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Hmmm, I can see in the future a question about how to clip the data so we dont get any drowned DBAs!!
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OK, I got the fact that I can divide the Lat and Long by 2 before I posed the question, the trouble I ran in to is trying to then turn those values into a geography type again and get it onto a map ... Its close but not a final solution.
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I was thinking you were just after the lat/long. Here is the midpoint as geography (updated in the answer, too) cast('POINT(' + cast(round(([ssug].[location].Long + [ssug1].[location].Long)/2, 6) as varchar) + ' ' + cast(round(([ssug].[location].Lat + [ssug1].[location].Lat)/2, 6) as varchar) + ')' as geography) as MidPoint,
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In geometry I might do something like this: SELECT @Linestring.STEnvelope().STCentroid() Since there are no equivalent methods for geography, as an alternative, you could transpose the lat/lon values and take the intersection. DECLARE @g geography; DECLARE @g2 geography; SET @g = geography::STGeomFromText('LINESTRING(-3.1770349 51.4752282, -2.597065 51.4496655 )', 4326); SET @g2 = geography::STGeomFromText('LINESTRING(-3.1770349 51.4496655, -2.597065 51.4752282 )', 4326); SELECT @g.STIntersection(@g2).ToString();
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Thanks for the answer Scott. If I have dozens of groups how would I transpose the values 'programatically' (ie in TSQL). I want eventually to find half way points between each pair of UGs that are closest together.
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OK A bit of a combination of all the answers here. This solution does everything in-line , so no need for updating temporary table/variables. It builds a LINESTRING (geometry data type) between each location, then gets the halfway point by taking the STCentroid value of the STEnvelope - however this results in a geometry data type and cannot be combined with the geography data type to display on the spatial tab, so there is an extra step that converts the geometry back to geography. select [ssug].[name] , ssug.name, [ssug].[location].STBuffer(5000) FROM @SQLServerUGs AS ssug union all SELECT [ssug].[name] , ssug2.name, geography::STGeomFromText( geometry::STGeomFromText( 'LINESTRING(' + replace(replace(ssug.location.STAsText(),'POINT (', ''),')','') + ', '+ replace(replace(ssug2.location.STAsText(),'POINT (', ''),')','') +')' ,4326).STEnvelope().STCentroid().STAsText() , 4326).STBuffer(1000) FROM @SQLServerUGs AS ssug join @SQLServerUGs as ssug2 on ssug.name ssug2.name It's still not very clean, but at least avoids the conversion out of spatial data types. Great question Jonathan, I'd never played with spatial data before and this presented a real-world problem to solve! Still amazed that something as simple as a halfway point is soooo difficult to calculate.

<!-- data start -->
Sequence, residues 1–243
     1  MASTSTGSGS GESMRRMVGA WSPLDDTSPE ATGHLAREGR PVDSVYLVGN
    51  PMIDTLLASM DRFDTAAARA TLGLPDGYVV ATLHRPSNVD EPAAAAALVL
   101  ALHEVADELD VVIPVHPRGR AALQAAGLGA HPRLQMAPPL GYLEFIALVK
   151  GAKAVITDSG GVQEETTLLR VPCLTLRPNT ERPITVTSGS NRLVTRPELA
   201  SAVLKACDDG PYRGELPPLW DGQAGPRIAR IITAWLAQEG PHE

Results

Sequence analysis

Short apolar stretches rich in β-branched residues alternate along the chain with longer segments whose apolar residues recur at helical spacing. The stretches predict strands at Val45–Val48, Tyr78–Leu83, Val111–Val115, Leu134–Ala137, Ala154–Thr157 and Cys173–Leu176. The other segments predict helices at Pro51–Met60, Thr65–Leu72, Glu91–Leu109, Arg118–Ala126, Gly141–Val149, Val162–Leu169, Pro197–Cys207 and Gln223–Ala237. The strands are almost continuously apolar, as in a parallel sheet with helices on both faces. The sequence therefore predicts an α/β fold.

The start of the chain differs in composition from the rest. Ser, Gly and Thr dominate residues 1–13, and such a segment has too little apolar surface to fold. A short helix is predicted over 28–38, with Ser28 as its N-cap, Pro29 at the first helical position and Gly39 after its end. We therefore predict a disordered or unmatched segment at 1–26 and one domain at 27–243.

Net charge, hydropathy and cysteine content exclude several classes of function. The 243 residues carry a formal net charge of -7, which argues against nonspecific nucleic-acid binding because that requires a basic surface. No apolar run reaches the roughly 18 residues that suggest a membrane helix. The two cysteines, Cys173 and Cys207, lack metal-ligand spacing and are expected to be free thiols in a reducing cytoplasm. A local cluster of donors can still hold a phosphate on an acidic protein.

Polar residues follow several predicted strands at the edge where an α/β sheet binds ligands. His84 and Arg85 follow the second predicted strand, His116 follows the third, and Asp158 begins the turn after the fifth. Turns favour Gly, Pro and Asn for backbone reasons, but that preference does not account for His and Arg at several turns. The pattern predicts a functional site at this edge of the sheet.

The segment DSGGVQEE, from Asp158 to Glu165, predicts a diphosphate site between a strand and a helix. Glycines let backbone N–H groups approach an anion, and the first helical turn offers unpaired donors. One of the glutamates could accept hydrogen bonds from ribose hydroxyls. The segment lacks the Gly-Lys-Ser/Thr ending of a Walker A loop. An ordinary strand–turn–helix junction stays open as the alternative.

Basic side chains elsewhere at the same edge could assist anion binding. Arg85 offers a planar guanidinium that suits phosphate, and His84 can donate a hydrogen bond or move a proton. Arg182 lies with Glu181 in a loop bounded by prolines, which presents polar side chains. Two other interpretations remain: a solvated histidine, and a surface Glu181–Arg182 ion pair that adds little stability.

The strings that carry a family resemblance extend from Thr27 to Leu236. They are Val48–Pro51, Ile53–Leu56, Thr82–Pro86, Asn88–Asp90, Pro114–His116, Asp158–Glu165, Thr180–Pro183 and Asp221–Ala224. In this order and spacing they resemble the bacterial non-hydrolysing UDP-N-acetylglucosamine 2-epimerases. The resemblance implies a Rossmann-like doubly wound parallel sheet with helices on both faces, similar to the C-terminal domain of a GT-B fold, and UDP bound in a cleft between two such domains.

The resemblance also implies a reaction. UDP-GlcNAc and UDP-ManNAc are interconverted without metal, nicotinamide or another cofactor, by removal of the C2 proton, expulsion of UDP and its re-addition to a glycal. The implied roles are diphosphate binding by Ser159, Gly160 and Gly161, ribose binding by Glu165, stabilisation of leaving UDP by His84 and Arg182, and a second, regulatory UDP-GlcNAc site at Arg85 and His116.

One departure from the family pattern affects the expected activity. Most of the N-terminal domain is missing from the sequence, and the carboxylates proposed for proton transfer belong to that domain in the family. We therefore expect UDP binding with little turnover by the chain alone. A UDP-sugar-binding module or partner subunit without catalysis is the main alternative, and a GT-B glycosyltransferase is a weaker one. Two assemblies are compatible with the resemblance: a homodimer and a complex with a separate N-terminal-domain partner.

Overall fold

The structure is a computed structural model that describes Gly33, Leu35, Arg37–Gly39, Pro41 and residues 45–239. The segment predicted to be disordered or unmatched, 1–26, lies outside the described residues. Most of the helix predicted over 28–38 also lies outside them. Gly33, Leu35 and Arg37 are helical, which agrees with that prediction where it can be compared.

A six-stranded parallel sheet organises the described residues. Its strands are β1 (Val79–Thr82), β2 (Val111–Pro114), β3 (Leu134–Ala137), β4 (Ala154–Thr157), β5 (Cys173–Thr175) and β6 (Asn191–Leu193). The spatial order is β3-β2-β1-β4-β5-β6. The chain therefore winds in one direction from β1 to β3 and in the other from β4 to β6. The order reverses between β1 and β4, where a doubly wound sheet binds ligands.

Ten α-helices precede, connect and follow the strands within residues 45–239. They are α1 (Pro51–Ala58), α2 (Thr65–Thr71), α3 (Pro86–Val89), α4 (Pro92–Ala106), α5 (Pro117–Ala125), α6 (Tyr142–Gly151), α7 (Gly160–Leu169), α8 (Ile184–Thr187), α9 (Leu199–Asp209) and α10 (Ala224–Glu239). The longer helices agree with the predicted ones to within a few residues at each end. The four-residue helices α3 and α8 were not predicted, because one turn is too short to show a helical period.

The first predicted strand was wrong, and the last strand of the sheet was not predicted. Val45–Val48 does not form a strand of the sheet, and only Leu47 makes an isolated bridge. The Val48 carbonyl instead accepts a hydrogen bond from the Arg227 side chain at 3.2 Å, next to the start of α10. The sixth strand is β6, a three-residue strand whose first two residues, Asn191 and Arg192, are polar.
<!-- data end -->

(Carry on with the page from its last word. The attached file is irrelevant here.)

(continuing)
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I take it you've seen this
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the halfway point is actually just that, its halfway through the problem I start out to solve - I wanted to draw a line between two points, at 90deg to the shortest line between them. Thus representing the border between them. Check out http://en.wikipedia.org/wiki/Voronoi_diagram